And, deep down, sure, maybe I knew that the coolest suburban fantasy to ever rock Silver Lake was possibly blinding us a little from reality, but in the moment, I was thrilled.

It all seemed too good to be true.

A few days later, very uninteresting, albeit technologically advanced, exchanges were had via “instant messenger.” I said I wanted to see him. “I would like to see you again.” He responded, seconds later. “Me too.” And so on, and so forth. A face to face meeting occurred . We had coffee. And this time, by “coffee,” I mean we exchanged real intimate vulnerabilities, and by THAT, I mean we had sex all night. It was fantastic.

Clarification: the sex was not fantastic. The light was on, and while I am not generally the hide-under-the-covers-kind-of-girl, I hadn’t expected the night to take such turns. I wasn’t shaved! I wasn’t waxed! And…his penis was too…big. (It IS possible.) But it was fantastic to be HAVING SEX with someone who UNDERSTOOD ME. Who I UNDERSTOOD. It was all happening.

We jumped up together at dawn and had coffee–real coffee this time–he had to get home and get his kids to school, I had to get my own kid to school, we talked briefly about play dates, homework and child custody, and then he kissed me on the forehead and zipped away, leaving me exhausted but blissful.

A few hours later, at 7:50 AM, while I was driving my daughter to school (the same school that she attended with Bob’s kids!), I received this text message: “Eve, for reasons I will not explain, I can no longer continue seeing you.”

So…that was that.

Man oh MAN. I was so shocked. I thought girls were only dumped after a night of sex in old 90210 episodes and in the Christian morality books my mom gave me when I got my period. Not in real life! And I was angry. And embarrassed (Was it the lights? Was it because I didn’t shave? Was my vagina too small?!) And hurt. And offended. And sad. And, like, so pissed. I mean, A TEXT MESSAGE?! And dumping ME?!?! I held it together while I dropped my daughter off, and then parked around the corner. Sitting in my car, I cried a little, and when that felt okay, I cried a whole lot, which felt even better. When I could catch my breath, I called a good friend, who is really more of a mentor. “What you need is the matinee cure.”

In between sniffles and gulps, I whimpered, “The matinee cure?”

“Oh, honey. Every girl needs to know the Matinee Cure.”

The Matinee Cure: A Sure-Fire Treatment for Dealing with Tragedy

1.Choose an early showing of a movie that demands your attention. Foreign films with subtitles are best, Wes Anderson coming in at a close second. Stay away from blockbusters like “The Expendables 2.”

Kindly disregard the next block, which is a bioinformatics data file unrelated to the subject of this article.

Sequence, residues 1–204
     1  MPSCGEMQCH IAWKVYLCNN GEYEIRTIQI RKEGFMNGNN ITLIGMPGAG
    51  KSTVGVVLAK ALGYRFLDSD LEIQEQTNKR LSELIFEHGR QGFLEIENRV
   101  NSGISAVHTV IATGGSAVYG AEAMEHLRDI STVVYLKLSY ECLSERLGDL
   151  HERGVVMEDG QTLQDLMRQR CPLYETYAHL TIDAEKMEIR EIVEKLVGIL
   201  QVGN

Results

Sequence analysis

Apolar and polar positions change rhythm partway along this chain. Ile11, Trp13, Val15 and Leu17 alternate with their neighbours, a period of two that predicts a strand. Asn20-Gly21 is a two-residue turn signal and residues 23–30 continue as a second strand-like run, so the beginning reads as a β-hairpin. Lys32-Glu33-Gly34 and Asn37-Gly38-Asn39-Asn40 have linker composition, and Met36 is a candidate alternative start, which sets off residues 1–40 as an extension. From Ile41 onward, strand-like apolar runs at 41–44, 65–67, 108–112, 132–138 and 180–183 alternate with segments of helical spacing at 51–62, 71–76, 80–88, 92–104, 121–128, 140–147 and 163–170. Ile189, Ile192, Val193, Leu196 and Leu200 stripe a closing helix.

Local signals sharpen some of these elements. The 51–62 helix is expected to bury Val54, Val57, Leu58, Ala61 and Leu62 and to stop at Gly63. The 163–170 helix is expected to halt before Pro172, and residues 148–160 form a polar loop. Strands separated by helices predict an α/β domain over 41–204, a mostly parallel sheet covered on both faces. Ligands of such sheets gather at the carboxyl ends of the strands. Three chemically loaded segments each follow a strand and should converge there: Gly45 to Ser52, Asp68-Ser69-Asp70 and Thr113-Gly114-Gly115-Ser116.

2.To stash in purse: Non-Junk Food; protein and starch, for energy and dopamine. Water for hydration.
3.Call 5 good friends, and leave the following message: “I can’t talk right now, but I need some love later.” (If they answer, make it quick; avoid details.)
4.Turn your phone OFF and leave it in your car.
5.Park at least 5 blocks away. The walk will do you some good before having to face the box office.

Goddamit if she wasn’t right. Driving home, I could see my feelings for what they were, and see the Text Message Incident for what it was. There is no excuse for his method—I mean, really, WHO does that?—but it sure did answer questions about the unknown, about Bob’s character. And, really, it was mostly painless. Our relationship was only days old, so I had very little over which to reminisce, and he didn’t know anything about me. Not really. He knew about being a parent, that connection wasn’t unreal, but he didn’t know ME.

My favorite color is orange, and I love olive sandwiches. I love “Star Trek the Next Generation.” I take long baths, and I cry at movie trailers that I watch habitually on I have been through a lot in my life, including a childhood in an evangelical Christian home and the death of a sibling. The best year of my life was spent in France. I believe accidentally getting pregnant in college saved my life. I love dancing, and my dancing is terrible. He didn’t know ANY of that. He had nothing of me. My ego was bruised, but my heart wasn’t broken. I have a box of secrets, in which one will find that I am afraid of growing old alone, and I would love for someone to come take care of me. The Text Dumping Incident was a one-two punch. After the movie, though, it was easier to realize that although the wind was knocked out of me, I was alive and could fully stand up again. And I had—count them—five voicemails reminding me of how loved, and how NOT alone, I truly am.

I wish there was a matinee cure for everything, and I wish crises only happened during Oscar season. The movie, “Pineapple Express” (which may not have been as cerebrally challenging as one might hope but was good enough) helped me escape my Dark Dwelling Place for just long enough to remember what is important, and who I really am, instead of just how I feel. Yes, I was really dumped with a text message, but I am really better off without him, I am loved by amazing friends, and I can always bring a cross-word puzzle to the parties.